Thursday, January 23, 2014
Album Review :: Augustines - Augustines
February 3 2014 (Caroline)
Words: Dave Beech
Brooklyn-based Augustines (formerly We Are Augustines – presumably enough people now know who they are for them to drop the affirmation) are a band who, despite being born from turbulent circumstances, lace their music with an infectious optimism that bleeds through, even in to their live sets. Their 2012 debut 'Rise Ye Sunken Ships' served not only to address singer Billy McCarthy's personal issues within it's lyricism, but to relay a universal message, that things can actually get better. Now, just shy of two years since it's release, Augustines are gearing up to release their self-titled sophomore effort, which sees the band heading in a more mature, and far more ambitious, direction than their debut, whilst still maintaining their inherent sense of optimism.
Beginning with 'Intro (I Touch Imaginary Hands)' it's clear that the band are noticeably more confident and probably feel in a better place creatively; far more melodic than anything from their debut 'Intro...' doesn't necessarily even set a bar for the rest of the album, but what it does do, like the album as a whole, is prove that Augustines aren't just one-trick ponies.
Unsurprisingly, the second track and first single, 'Cruel City', is similar to what we've heard from the band before, though still feels refreshing thanks in no small part to it's tropical feel and excellent backing vocals that wouldn't be out of place on Paul Simon's 'Graceland'. Following track 'Nothing to Lose But Your Head' again feels familiar, but makes use of multi-instrumentalist Eric Sanderson's talents far more than anything the band have released thus far.
Whilst the first half of the record can roughly be considered as business as usual for the band, track six 'Walkabout' signifies the halfway point in the record, and as such also a slight deviation in direction as the tracks become more ambitious, expansive. At five minutes long it's the longest track on 'Augustines' but also one of the most diverse, as, for the first half a gentle piano and McCarthy's usually gruff vocal reaches heights one would assume impossible for him. Mounting guitar and percussion picks the track up for it's latter half, whereas 'Now You Are Free' is another highlight and features the same big-sounding Americana that Tribes aimed for with 'Never Heard of Graceland', Augustines, however, being American, tick the box Tribes failed to noticed and as such 'Now You Are Free' finds itself as one of the most uplifting songs on a record already bursting with optimism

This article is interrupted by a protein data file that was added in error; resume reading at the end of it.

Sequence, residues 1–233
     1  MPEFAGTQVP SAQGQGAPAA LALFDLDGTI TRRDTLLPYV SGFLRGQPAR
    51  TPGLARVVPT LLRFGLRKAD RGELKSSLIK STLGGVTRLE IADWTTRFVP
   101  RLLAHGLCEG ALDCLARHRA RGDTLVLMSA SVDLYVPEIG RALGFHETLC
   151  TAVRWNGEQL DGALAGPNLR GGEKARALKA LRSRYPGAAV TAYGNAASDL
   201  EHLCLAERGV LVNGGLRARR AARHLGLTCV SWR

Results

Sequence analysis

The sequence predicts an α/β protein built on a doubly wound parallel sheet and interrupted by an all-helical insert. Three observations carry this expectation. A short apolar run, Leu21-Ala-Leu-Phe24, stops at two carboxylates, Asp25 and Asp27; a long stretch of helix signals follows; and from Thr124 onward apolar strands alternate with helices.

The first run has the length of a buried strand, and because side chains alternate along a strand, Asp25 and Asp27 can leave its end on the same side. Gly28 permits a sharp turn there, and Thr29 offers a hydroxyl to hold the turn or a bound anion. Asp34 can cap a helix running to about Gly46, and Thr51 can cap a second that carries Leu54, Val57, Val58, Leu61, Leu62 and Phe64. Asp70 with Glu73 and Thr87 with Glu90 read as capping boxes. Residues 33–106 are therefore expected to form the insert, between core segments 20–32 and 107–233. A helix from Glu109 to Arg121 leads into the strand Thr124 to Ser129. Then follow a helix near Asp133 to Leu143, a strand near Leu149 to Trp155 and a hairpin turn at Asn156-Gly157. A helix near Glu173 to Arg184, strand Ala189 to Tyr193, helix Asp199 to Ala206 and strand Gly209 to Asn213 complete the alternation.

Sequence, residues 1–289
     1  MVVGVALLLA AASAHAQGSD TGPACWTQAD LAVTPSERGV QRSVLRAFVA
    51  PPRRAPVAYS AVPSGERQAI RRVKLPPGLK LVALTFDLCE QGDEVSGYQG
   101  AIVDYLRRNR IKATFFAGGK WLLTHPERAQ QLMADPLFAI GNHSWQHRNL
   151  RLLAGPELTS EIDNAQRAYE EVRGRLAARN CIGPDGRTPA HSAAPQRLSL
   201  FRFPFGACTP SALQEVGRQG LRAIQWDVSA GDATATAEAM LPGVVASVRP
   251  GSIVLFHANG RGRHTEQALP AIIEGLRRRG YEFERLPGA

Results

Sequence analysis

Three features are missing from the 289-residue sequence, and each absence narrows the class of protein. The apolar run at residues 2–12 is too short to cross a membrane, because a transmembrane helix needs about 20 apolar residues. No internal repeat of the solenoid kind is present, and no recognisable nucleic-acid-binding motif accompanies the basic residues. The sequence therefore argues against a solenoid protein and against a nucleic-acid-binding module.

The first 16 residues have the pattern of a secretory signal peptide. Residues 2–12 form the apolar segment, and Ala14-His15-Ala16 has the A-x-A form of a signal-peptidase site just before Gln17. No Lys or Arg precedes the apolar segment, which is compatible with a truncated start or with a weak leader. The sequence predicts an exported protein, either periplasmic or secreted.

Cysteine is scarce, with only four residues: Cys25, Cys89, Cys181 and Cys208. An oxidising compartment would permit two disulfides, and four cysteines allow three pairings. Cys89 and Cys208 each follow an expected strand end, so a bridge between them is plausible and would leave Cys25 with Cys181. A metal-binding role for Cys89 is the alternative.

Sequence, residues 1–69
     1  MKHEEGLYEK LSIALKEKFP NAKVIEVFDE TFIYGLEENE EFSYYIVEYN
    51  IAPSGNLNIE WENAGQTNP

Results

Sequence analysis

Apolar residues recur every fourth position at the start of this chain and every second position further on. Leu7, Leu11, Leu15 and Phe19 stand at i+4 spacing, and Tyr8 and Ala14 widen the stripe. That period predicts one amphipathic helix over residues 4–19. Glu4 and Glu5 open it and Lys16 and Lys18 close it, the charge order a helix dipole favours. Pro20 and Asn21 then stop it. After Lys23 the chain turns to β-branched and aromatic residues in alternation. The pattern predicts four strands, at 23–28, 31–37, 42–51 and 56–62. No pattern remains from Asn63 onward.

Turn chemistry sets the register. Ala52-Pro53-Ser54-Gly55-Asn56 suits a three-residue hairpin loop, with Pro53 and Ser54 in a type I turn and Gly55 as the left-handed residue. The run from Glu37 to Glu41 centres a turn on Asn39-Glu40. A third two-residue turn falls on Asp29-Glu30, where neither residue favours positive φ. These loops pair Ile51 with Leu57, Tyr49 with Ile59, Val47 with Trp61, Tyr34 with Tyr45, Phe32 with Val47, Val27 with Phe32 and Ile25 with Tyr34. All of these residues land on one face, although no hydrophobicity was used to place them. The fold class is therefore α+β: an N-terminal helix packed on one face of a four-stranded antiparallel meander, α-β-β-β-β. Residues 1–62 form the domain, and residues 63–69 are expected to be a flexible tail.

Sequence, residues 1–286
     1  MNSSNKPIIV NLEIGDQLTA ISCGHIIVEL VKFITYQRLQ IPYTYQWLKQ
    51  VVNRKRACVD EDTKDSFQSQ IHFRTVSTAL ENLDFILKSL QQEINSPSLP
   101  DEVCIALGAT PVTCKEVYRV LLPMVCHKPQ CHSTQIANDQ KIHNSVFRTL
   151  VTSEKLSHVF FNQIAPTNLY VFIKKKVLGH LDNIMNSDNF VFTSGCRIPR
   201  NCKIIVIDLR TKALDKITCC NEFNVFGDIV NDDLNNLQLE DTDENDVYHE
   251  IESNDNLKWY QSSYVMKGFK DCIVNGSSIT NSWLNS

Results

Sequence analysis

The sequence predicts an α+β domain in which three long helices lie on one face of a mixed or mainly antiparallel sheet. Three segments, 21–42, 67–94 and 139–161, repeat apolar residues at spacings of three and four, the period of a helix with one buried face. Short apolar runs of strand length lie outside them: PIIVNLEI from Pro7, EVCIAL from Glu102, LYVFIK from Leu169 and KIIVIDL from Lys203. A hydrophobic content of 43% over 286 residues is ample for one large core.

With 'Rise Ye Sunken Ships' Augustines carved themselves a niche in the market and stirred up more than enough interest in themselves to warrant a second album, and while 'Augustines' and it's expansive instrumentation may well earn them comparisons to an American Mumford & Sons, the fact of the matter is, particularly because of their stripped down vocal harmonies, it's a record which suggests that there's far more life in the band yet, and whilst there's yet to be a bandwagon with their name on, 'Augustines' could very well be the album that sets the wheels in motion.